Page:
Why Women Matter in Renewable Energy

October 13, 2015

Hivos Southern Africa Hub, in partnership with the Zimbabwe Energy Council and SNV Netherlands Development Organisation, recently hosted a luncheon for women in the energy sector in Zimbabwe. The event, part of the Zimbabwe Clean Energy Week held from September 28 – October 3, honoured women who are at the forefront of promoting the uptake of clean, renewable energy technologies at policy, business, civil society and community levels in Zimbabwe.

According to the World Bank, women in developing countries spend between 2 and 9 hours a day collecting fuel and fodder, and performing cooking chores. Gathering biomass to meet a household’s energy needs is the burden of women and girls. In addition, these sources of energy -firewood, charcoal and animal dung, amongst others – burn inefficiently and give off noxious fumes that can cause serious respiratory disease and even death.

Although women are disproportionately affected by poor energy supply, they are underrepresented when it comes to the business of energy. They have little to no voice in making decisions about solutions to energy poverty. When energy projects are introduced in rural communities, the focus is mainly on technical aspects at the expense of key factors such as gender, which affects the participation of women in the adoption of new technologies.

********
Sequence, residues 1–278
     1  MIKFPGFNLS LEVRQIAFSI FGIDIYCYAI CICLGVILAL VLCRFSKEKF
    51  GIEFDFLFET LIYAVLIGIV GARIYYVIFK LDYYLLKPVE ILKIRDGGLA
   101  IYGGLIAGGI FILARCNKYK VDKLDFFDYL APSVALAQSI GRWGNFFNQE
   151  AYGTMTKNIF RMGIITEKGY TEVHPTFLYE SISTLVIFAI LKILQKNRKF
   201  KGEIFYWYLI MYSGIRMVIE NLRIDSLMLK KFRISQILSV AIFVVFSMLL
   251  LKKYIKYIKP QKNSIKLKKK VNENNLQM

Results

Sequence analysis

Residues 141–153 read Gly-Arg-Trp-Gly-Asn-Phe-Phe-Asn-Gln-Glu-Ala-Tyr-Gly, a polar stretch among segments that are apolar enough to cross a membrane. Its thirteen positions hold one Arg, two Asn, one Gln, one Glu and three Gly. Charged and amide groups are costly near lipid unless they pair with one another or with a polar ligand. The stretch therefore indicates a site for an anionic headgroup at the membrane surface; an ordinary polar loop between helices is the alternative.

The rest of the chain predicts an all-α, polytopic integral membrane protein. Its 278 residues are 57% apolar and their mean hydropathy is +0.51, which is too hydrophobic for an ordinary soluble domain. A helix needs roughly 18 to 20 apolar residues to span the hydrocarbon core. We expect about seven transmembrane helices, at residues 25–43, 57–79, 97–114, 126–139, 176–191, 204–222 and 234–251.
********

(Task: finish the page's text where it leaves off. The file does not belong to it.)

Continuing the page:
The fact that women possess knowledge and skills that are critical to finding local solutions is largely ignored, with men taking up stake in the business of supplying new technologies.

Yet, according to the United Nations Development Programme (UNDP), experience shows that the resiliency of households and communities depends greatly on the resiliency of women. Given the requisite tools and support, women are a driving force for a new model of growth which is both more equitable and sustainable.

Women are key users of energy for productive activities, and access to labour-saving energy technologies greatly improves their welfare and ability to focus on earning incomes.

Since women are the primary users of energy in many areas, especially for cooking, it make sense for them to be involved in designing and implementing policies and projects to meet their own energy needs.

Overall, access to cleaner and affordable energy options can play an important role in gender equality and women’s empowerment, but only if women get a greater stake in the business of renewable energy.